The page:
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WASHINGTON — Burning the midnight oil may be about to pay off for millions of millennials.

The White House has announced a new rule that will boost the number of Americans who qualify for time-and-a-half pay whenever they work more than 40 hours in a week. Among the biggest beneficiaries may be young employees — toiling at startups and ad agencies or serving as restaurant managers, for example — who haven’t been getting extra compensation for working extended hours.

The rule, effective Dec. 1, will double the salary cap for overtime eligibility to $47,476 a year from the current $23,660.

That means employees who earn annual salary at $47,476 or less will automatically be eligible for overtime wages — just like hourly workers, who already qualify.

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Workers of all ages stand to benefit, but young workers, especially, can expect a boost, said Ross Eisenbrey, vice president of the left-leaning Economic Policy Institute.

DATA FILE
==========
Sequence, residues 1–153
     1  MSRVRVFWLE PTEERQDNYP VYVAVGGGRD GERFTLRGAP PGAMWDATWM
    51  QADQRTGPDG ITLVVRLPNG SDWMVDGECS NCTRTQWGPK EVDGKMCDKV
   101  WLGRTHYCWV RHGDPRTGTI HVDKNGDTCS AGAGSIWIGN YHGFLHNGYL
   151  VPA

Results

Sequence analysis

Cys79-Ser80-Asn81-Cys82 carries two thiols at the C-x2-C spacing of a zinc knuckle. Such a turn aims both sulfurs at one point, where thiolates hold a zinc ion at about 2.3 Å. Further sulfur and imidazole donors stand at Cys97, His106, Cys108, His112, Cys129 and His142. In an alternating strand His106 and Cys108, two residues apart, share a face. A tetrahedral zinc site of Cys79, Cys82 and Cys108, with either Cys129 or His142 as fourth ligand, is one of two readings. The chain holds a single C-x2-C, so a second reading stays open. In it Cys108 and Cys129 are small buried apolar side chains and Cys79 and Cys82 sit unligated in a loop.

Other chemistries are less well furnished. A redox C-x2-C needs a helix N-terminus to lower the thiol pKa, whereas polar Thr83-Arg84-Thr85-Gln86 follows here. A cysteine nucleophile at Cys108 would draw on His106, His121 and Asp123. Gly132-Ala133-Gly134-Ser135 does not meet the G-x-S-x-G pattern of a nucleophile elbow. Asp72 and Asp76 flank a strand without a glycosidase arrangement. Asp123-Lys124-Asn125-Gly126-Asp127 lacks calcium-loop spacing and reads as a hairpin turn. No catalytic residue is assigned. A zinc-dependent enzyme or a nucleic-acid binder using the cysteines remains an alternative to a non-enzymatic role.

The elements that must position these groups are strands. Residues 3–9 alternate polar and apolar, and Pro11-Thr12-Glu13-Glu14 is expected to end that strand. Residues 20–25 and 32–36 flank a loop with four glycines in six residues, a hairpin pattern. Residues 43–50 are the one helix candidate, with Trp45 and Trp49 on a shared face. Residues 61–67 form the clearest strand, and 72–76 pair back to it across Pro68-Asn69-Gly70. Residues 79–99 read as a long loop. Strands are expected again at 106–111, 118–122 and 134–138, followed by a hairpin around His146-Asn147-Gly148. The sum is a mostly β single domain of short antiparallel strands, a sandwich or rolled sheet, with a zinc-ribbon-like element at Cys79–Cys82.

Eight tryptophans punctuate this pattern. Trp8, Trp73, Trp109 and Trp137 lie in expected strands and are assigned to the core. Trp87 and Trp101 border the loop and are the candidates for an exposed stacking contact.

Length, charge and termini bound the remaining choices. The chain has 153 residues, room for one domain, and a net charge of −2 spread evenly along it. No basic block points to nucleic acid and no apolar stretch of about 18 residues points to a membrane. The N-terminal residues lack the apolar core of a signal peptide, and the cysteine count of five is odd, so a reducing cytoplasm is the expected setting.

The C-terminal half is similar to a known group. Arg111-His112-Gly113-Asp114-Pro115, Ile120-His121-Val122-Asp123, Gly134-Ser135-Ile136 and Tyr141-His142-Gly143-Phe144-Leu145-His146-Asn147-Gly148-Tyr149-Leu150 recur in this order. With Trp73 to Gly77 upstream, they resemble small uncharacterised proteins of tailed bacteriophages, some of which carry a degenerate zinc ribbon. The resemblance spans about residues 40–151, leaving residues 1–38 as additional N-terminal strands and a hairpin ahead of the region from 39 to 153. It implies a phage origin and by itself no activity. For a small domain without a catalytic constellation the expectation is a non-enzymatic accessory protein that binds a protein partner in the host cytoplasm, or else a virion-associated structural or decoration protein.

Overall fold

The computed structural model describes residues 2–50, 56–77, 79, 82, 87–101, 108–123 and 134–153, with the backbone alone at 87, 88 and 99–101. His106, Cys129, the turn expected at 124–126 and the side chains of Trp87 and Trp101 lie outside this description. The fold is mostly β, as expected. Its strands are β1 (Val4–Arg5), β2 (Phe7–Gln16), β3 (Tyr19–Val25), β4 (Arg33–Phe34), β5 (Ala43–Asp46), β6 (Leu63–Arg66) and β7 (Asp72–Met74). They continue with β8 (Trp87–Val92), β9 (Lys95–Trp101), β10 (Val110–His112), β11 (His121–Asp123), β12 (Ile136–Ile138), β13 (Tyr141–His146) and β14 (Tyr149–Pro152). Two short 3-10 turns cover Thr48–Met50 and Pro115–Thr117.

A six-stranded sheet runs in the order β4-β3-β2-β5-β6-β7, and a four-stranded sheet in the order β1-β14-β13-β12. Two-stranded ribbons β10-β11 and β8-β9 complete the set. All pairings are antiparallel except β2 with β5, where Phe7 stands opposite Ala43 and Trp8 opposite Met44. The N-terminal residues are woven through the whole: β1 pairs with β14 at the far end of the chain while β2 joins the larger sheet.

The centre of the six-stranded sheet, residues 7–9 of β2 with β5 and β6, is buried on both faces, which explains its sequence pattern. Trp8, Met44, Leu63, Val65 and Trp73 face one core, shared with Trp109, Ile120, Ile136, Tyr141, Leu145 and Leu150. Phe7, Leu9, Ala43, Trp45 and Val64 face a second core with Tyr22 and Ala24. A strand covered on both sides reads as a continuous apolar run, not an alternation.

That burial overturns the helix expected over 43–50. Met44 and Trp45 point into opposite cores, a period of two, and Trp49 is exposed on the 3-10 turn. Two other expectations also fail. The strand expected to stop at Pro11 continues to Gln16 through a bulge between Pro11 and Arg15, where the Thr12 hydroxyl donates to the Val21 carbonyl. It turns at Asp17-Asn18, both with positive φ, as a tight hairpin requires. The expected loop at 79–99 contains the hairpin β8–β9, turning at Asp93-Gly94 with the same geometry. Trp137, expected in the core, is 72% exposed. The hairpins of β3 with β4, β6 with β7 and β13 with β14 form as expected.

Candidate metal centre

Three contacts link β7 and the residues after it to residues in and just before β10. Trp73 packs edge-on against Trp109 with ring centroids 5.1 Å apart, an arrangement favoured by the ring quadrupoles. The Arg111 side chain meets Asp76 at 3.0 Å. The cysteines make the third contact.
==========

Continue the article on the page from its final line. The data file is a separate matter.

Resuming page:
‘‘Millennials are disproportionately affected by the overtime rule because they tend to be in the lower end of the wage spectrum,’’ said Eisenbrey, who testified at a congressional hearing last week on the rule’s potential effects. They make up 36.3 percent of the newly covered, he said. According to his calculations, the share of salaried 25- to 34-year-olds benefiting from overtime protections will jump from 9.1 percent to 38.4 percent. For 16- to 24-year-olds, it will go from 31 percent to 64.1 percent.

That translates to more than 4.5 million newly benefiting workers between 16 and 34 (and another 8 million who are 35 or older).

Hourly workers, who already get overtime benefits, represent 58.5 percent of the US labor force.

The rule marks the first adjustment to overtime in more than a decade. The cap was last updated in 2004. The Obama administration says inflation has been cutting into the real value of the threshold.

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Still, some say the rule could have unintended consequences. Researchers at George Mason University argue employers will cut base salaries to account for the overtime pay. Companies might also replace these workers with a smaller number of higher-skilled employees who earn salaries above $47,476 a year, the researchers said.